October 28, 2018

SHOWBUZZDAILY Season Premiere Review: “Ray Donovan”


RAY DONOVAN:  Sunday 9PM on Showtime

On the occasion of its 6th season, Showtime’s RAY DONOVAN has relocated across the country to New York, and the surprise is that although the series has always been very LA-intensive, both in storylines and use of locations, there’s very little difference in the final product.  Ray (Liev Schreiber), having survived his season finale plunge into the East River, thanks to a timely rescue by NYPD cop Mac McGrath (Dominic Lombardozzi), is living in Mac’s house in Staten Island, and he’s grown a beard and put on a few pounds.  But he’s still doing the bidding of Hollywood studio head Sam Winslow (Susan Sarandon), which in this case means helping Sam’s chosen Mayoral candidate Anita Novak (Lola Glaudini) get rid of some embarrassing videos.  Ray’s faithful number two Lena (Katherine Moennig) is still helping him, however reluctantly.  In his spare time, Ray helps Mac cover up the cop’s own potential embarrassments.

And, of course, Ray’s relationships with his family are no less fraught.  Daughter Bridget (Kerris Dorsey) and brother Terry (Eddie Marsan) are in NY as well, where Terry has a new boxing gym.  Bunchy (Dash Mihok), still in LA, spends his portion of the hour broken up over losing custody of his daughter.  Most prominent as always is dad Mickey (Jon Voight), now in jail but clearly working on an escape plan, via a self-induced heart attack.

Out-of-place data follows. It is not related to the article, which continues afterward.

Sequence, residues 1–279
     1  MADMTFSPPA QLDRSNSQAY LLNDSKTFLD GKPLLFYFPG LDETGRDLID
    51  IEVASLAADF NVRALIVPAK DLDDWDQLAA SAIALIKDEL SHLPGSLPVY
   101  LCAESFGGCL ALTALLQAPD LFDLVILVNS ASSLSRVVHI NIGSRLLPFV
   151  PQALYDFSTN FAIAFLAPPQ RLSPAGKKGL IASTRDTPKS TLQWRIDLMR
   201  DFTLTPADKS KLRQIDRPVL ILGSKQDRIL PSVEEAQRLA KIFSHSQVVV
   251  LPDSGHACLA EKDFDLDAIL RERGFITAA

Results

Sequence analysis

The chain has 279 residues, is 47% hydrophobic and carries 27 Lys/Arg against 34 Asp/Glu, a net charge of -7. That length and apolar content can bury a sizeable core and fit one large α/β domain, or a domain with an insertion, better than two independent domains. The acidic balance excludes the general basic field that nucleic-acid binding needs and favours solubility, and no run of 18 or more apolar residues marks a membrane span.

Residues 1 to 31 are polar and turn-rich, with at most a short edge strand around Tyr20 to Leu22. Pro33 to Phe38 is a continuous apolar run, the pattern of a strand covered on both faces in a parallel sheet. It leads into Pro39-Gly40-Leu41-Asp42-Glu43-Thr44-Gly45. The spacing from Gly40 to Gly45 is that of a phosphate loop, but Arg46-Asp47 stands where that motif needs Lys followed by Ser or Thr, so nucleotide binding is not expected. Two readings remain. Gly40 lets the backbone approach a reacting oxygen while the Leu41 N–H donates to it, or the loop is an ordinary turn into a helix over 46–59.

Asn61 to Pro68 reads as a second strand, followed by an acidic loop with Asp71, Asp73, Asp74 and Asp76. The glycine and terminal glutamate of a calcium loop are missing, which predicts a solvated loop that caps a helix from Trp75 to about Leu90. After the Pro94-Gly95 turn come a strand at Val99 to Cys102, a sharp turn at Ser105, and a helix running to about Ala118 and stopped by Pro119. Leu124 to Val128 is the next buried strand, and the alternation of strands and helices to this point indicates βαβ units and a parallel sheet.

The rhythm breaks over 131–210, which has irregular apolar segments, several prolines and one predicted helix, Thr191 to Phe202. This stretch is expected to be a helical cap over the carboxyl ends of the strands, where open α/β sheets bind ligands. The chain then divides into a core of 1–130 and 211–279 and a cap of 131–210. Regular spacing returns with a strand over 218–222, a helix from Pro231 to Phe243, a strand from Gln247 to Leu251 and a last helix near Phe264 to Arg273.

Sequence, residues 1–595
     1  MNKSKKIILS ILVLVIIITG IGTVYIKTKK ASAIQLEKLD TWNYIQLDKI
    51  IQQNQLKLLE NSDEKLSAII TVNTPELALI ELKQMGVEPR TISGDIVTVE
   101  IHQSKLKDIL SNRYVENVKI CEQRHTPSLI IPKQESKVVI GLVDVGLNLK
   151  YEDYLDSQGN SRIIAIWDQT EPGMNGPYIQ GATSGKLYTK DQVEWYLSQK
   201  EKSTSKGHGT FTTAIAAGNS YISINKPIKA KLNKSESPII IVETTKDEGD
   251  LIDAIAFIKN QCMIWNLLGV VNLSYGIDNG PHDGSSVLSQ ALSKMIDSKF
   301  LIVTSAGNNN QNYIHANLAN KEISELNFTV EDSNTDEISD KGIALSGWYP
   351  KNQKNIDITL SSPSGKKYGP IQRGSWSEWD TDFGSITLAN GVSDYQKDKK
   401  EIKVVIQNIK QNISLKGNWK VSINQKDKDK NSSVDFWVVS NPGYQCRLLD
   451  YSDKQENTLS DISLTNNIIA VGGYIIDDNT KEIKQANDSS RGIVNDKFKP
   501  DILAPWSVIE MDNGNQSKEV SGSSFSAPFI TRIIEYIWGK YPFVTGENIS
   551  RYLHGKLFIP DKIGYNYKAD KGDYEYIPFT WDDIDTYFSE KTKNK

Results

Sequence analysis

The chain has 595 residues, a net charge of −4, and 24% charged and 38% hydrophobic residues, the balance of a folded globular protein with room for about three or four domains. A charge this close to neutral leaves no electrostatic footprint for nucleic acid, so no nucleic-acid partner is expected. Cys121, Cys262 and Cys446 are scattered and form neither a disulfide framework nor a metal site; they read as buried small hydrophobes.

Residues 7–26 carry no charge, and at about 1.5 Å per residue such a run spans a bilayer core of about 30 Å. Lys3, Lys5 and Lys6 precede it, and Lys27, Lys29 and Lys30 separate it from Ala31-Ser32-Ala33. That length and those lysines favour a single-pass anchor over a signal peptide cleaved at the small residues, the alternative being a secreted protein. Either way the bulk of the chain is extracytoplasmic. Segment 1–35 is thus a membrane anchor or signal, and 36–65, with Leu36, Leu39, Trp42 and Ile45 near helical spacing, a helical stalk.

Showrunner David Hollander makes little attempt to play any new tunes in his script for the season premiere, and if it weren’t for the presence of yellow cabs and some Noo Yawk accents, Ray Donovan might just as well still be facing the Pacific Ocean instead of the Atlantic.  That’s a disappointment, because after 5 seasons, the series has been showing its age, presenting storylines that are mostly variations of each other.  Ray already has a murder to cover up, and he seems to have been having the same fight with Bridget since the series began.  Ray Donovan is a smooth piece of work, with a cast led by the ever-intense Schreiber that knows how to use every close-up and pause to express their characters’ moroseness and strains.  Season premiere director Allen Coulter handles the transition to new locations and the time jump with hardly a speed bump.  But anyone who hoped the “new” Ray Donovan would actually shake up the show’s fundamentals is in for more of the same.

That’s probably fine with Showtime, especially as the network approaches a season that will feature the last of Homeland and The Affair, and a Shameless that will soon be missing two of its central characters.  Ray Donovan can likely comfortably continue for quite a while along its familiar path.  One can’t help but feel, though, that if it didn’t take any major narrative chances at this crossroads moment, it may never try.


About the Author

Mitch Salem
MITCH SALEM has worked on the business side of the entertainment industry for 20 years, as a senior business affairs executive and attorney for such companies as NBC, ABC, USA, Syfy, Bravo, and BermanBraun Productions, and before that, at the NY law firm of Weil, Gotshal & Manges. During all that, he has more or less constantly been going to the movies and watching TV, and writing about both since the 1980s. His film reviews also currently appear on and In addition, he is co-writer of an episode of the television series "Felicity."